The ARAWAK are a group of indigenous peoples of South America and
historically of the
* 1 Name * 2 History * 3 Modern population and descendants * 4 Arawak people * 5 See also * 6 References * 7 Bibliography
Arawakan languages may have emerged in the
Orinoco River valley.
They subsequently spread widely, becoming by far the most widely
spread language family in South America at the time of European
contact , with speakers located in various areas along the
Amazon rivers and their tributaries. The group that self-identified
as the Arawak, also known as the
Lokono , settled the coastal areas of
what is now
At some point, the Arawakan-speaking
Taíno culture emerged in the
Caribbean. Two major models have been presented to account for the
Taíno ancestors in the islands; the "Circum-Caribbean"
model suggests an origin in the
Colombian Andes connected to the
Arhuaco people , while the Amazonian model supports an origin in the
Amazon basin, where the
Arawakan languages developed. The
among the first American people to encounter Europeans when
Christopher Columbus visited multiple islands and chiefdoms on his
first voyage in 1492, which was followed in 1493 by the establishment
of La Isabella on
With the establishment of La Isabella, and the discovery of gold
deposits on the island, the Spanish settler population on Hispaniola
started to grow substantially, while disease and conflict with the
Spanish began to kill tens of thousands of
Taíno every year. By 1504,
the Spanish had overthrown the last of the Taino cacique chiefdoms on
Hispaniola, and firmly established the supreme authority of the
Spanish colonists over the now-subjugated Taíno. Over the next
decade, the Spanish Colonists commenced a brutal genocide against the
Taíno on Hispaniola, who suffered poor living conditions,
disease, massacres, rapes, and enslavement at the hands of the
colonists. The population of Hispanoila at the point of first European
contact is estimated at between several hundred thousand to over a
million people, but by 1514, it had dropped to a mere 35,000. By
1509, the Spanish had successfully conquered
Taíno influence has survived even until today, though, as can be
seen in the religions, languages, and music of
MODERN POPULATION AND DESCENDANTS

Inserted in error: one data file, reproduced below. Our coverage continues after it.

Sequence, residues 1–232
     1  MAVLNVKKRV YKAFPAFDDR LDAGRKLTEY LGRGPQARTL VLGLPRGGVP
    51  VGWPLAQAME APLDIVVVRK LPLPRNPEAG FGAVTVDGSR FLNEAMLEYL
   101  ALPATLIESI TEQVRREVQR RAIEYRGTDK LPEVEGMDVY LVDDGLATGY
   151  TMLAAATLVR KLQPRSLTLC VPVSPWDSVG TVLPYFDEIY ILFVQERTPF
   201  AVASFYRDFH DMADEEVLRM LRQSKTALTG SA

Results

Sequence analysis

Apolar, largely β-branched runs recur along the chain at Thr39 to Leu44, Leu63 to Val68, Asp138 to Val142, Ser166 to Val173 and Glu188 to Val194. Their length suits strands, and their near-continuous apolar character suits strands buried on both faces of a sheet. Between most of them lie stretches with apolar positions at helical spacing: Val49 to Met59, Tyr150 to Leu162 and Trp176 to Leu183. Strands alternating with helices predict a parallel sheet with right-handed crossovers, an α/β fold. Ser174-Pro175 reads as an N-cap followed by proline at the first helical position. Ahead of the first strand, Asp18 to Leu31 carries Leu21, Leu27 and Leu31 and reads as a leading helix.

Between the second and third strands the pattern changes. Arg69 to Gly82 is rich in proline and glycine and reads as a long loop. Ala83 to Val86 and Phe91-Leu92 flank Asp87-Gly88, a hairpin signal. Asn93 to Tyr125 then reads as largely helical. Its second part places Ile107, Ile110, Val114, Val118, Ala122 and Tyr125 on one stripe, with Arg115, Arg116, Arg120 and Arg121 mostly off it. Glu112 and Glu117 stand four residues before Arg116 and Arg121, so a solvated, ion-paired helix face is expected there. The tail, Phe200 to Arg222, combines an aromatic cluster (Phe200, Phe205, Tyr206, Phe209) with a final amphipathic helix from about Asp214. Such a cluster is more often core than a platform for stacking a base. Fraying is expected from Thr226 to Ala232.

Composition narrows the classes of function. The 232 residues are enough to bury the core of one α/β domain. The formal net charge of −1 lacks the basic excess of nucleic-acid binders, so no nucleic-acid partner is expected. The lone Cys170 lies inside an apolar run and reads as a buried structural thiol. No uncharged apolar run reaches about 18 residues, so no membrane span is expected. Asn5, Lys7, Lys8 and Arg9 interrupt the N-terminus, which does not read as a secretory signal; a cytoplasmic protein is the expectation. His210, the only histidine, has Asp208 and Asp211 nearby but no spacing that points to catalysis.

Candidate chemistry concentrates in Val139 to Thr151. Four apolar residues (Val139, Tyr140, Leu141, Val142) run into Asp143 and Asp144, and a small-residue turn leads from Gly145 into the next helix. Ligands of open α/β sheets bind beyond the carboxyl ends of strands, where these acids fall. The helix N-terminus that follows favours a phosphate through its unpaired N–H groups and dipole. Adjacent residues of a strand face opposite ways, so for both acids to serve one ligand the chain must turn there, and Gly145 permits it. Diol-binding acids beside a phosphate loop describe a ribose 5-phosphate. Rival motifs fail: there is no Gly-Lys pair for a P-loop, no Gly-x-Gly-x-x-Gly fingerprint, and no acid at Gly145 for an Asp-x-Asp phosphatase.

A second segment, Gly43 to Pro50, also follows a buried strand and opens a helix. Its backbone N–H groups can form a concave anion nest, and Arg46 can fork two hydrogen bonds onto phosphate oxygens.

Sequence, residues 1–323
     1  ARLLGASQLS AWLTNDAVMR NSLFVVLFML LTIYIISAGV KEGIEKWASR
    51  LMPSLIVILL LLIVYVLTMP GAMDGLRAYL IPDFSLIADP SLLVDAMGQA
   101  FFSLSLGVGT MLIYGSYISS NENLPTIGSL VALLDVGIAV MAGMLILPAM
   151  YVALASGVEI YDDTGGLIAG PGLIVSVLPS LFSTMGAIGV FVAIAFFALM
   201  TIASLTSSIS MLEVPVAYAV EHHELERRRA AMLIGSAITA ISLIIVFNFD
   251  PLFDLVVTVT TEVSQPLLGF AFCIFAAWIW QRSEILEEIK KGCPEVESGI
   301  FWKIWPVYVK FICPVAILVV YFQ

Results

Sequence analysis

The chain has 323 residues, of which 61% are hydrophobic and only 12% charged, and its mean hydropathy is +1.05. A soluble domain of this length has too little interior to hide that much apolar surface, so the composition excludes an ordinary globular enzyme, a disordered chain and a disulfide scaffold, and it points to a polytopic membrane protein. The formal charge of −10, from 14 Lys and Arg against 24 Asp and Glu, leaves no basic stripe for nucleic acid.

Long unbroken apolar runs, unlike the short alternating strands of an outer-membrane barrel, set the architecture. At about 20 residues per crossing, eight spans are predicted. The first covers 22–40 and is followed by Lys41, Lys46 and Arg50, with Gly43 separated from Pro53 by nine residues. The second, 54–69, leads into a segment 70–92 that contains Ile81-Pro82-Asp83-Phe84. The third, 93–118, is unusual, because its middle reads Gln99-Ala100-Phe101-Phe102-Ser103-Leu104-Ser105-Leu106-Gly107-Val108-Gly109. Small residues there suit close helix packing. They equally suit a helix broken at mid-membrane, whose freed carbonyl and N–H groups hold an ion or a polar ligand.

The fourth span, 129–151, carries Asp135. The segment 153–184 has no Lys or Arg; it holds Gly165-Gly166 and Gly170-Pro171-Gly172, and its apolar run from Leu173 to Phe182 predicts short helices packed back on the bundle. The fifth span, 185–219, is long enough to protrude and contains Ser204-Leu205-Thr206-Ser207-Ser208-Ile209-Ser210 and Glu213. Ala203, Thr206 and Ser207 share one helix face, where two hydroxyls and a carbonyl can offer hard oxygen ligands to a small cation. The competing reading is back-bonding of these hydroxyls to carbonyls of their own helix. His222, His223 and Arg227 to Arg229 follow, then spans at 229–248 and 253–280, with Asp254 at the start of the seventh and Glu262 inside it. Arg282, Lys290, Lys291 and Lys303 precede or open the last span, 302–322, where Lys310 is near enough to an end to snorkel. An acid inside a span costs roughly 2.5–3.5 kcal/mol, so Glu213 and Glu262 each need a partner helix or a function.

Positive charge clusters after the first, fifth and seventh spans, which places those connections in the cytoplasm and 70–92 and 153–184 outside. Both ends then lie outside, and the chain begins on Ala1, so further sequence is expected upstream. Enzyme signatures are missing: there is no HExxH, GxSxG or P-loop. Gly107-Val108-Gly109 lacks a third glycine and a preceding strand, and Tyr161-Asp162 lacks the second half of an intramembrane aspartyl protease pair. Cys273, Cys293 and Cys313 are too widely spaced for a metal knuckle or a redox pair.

Spaniards who arrived in the Bahamas ,
There are about 10,000 Lokono living primarily in the coastal areas of Venezuela, Guyana, Suriname, and French Guiana, and many more Lokono descendants throughout the region. Unlike many indigenous groups in South America, the Lokono population is growing.
* John P. Bennett (Lokono), first Amerindian ordained as an Anglican priest in Guyana, linguist and author of An Arawak-English Dictionary (1989). * George Simon (Lokono), artist and archaeologist from Guyana.
Wikimedia Commons has media related to ARAWAK .
* ^ A B Rouse, Irving (1992). The Tainos. Yale University Press. p.
5. ISBN 0300051816 . Retrieved 16 June 2015.
* ^ Hill, Jonathan David; Santos-Granero, Fernando (2002).
Arawakan Histories: Rethinking Language Family and Culture
Area in Amazonia. University of Illinois Press. pp. 1–4. ISBN
0252073843 . Retrieved 16 June 2014.
* ^ Olson, James Stewart (1991). The Indians of Central and South
America: An Ethnohistorical Dictionary. Greenwood. p. 29. ISBN
0313263876 . Retrieved 16 June 2014.
* ^ Rouse, Irving (1992). The Tainos. Yale University Press. pp.
30–48. ISBN 0300051816 . Retrieved 16 June 2014.
* ^ A B "
* Jesse, C., (2000). The Amerindians in St. Lucia (Iouanalao). St.
Lucia: Archaeological and Historical Society.
* Haviser, J. B.,Wilson, S. M. (ed.), (1997). Settlement Strategies
in the Early Ceramic Age. In The Indigenous People of the Caribbean,
Gainesville, Florida: University Press.
* Hofman, C. L., (1993). The Native Population of Pre-columbian
Saba. Part One. Pottery Styles and their Interpretations. , Leiden:
University of Leiden (Faculty of Archaeology).
* Haviser, J. B., (1987). Amerindian cultural Geography on Curaçao.
, Leiden: Faculty of Archaeology, Leiden University.
* Handler, Jerome S. (Jan 1977). "Amerindians and Their
Contributions to Barbadian Life in the Seventeenth Century". The
Journal of the Barbados Museum and Historical Society. no.3. Barbados:
Museum and Historical Society. 33: 189–210.
* Joseph, P. Musée, C. Celma (ed.), (1968). "LГhomme Amérindien
dans son environnement (quelques enseignements généraux)", In Les
Civilisations Amérindiennes des Petites Antilles, Fort-de-France:
Départemental d’Archéologie Précolombienne et de Préhistoire.
* Bullen, Ripley P., (1966). "Barbados and the Archeology of the
Caribbean", The Journal of the Barbados Museum and Historical Society,
* Haag, William G., (1964). A Comparison of
* v * t * e
Ancestry and ethnicity in
* Carib * Macushi * Patamona * Pemon * Wai-Wai * Wapishana * Warao
* African * Brazilian * Chinese * Indian * Jewish * Portuguese
* v * t * e
Ancestry and ethnicity in
* Akurio * Kali\'na * Sikiana * Tiriyó * Wayana
* Kwinti * Ndyuka * Paramaccan * Saramaka
* Brazilian * Chinese * Dutch * Indian * Javanese * Jewish * Lebanese * Portuguese
* LCCN : sh85006444 * SUDOC : 028683994 * BNF : cb120469